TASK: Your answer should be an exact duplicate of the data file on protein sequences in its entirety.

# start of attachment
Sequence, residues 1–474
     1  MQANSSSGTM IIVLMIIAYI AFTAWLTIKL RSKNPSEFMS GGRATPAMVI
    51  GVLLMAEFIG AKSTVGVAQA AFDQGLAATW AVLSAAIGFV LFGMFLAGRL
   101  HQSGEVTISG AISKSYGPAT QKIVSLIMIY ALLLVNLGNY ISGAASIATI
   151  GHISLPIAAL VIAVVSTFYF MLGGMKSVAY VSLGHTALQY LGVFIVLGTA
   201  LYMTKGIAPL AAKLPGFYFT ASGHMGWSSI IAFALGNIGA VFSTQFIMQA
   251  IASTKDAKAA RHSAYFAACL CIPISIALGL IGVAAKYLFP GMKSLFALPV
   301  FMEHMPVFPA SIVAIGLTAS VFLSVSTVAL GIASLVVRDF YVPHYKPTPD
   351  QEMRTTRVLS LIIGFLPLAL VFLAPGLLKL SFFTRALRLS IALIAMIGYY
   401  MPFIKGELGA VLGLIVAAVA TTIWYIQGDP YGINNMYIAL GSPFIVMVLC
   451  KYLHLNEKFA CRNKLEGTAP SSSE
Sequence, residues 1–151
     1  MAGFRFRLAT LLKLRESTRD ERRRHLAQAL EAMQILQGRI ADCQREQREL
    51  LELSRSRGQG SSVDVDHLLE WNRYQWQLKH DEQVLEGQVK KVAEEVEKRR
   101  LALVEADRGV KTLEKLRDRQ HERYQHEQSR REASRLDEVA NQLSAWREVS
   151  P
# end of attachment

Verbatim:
Sequence, residues 1–474
     1  MQANSSSGTM IIVLMIIAYI AFTAWLTIKL RSKNPSEFMS GGRATPAMVI
    51  GVLLMAEFIG AKSTVGVAQA AFDQGLAATW AVLSAAIGFV LFGMFLAGRL
   101  HQSGEVTISG AISKSYGPAT QKIVSLIMIY ALLLVNLGNY ISGAASIATI
   151  GHISLPIAAL VIAVVSTFYF MLGGMKSVAY VSLGHTALQY LGVFIVLGTA
   201  LYMTKGIAPL AAKLPGFYFT ASGHMGWSSI IAFALGNIGA VFSTQFIMQA
   251  IASTKDAKAA RHSAYFAACL CIPISIALGL IGVAAKYLFP GMKSLFALPV
   301  FMEHMPVFPA SIVAIGLTAS VFLSVSTVAL GIASLVVRDF YVPHYKPTPD
   351  QEMRTTRVLS LIIGFLPLAL VFLAPGLLKL SFFTRALRLS IALIAMIGYY
   401  MPFIKGELGA VLGLIVAAVA TTIWYIQGDP YGINNMYIAL GSPFIVMVLC
   451  KYLHLNEKFA CRNKLEGTAP SSSE
Sequence, residues 1–151
     1  MAGFRFRLAT LLKLRESTRD ERRRHLAQAL EAMQILQGRI ADCQREQREL
    51  LELSRSRGQG SSVDVDHLLE WNRYQWQLKH DEQVLEGQVK KVAEEVEKRR
   101  LALVEADRGV KTLEKLRDRQ HERYQHEQSR REASRLDEVA NQLSAWREVS
   151  P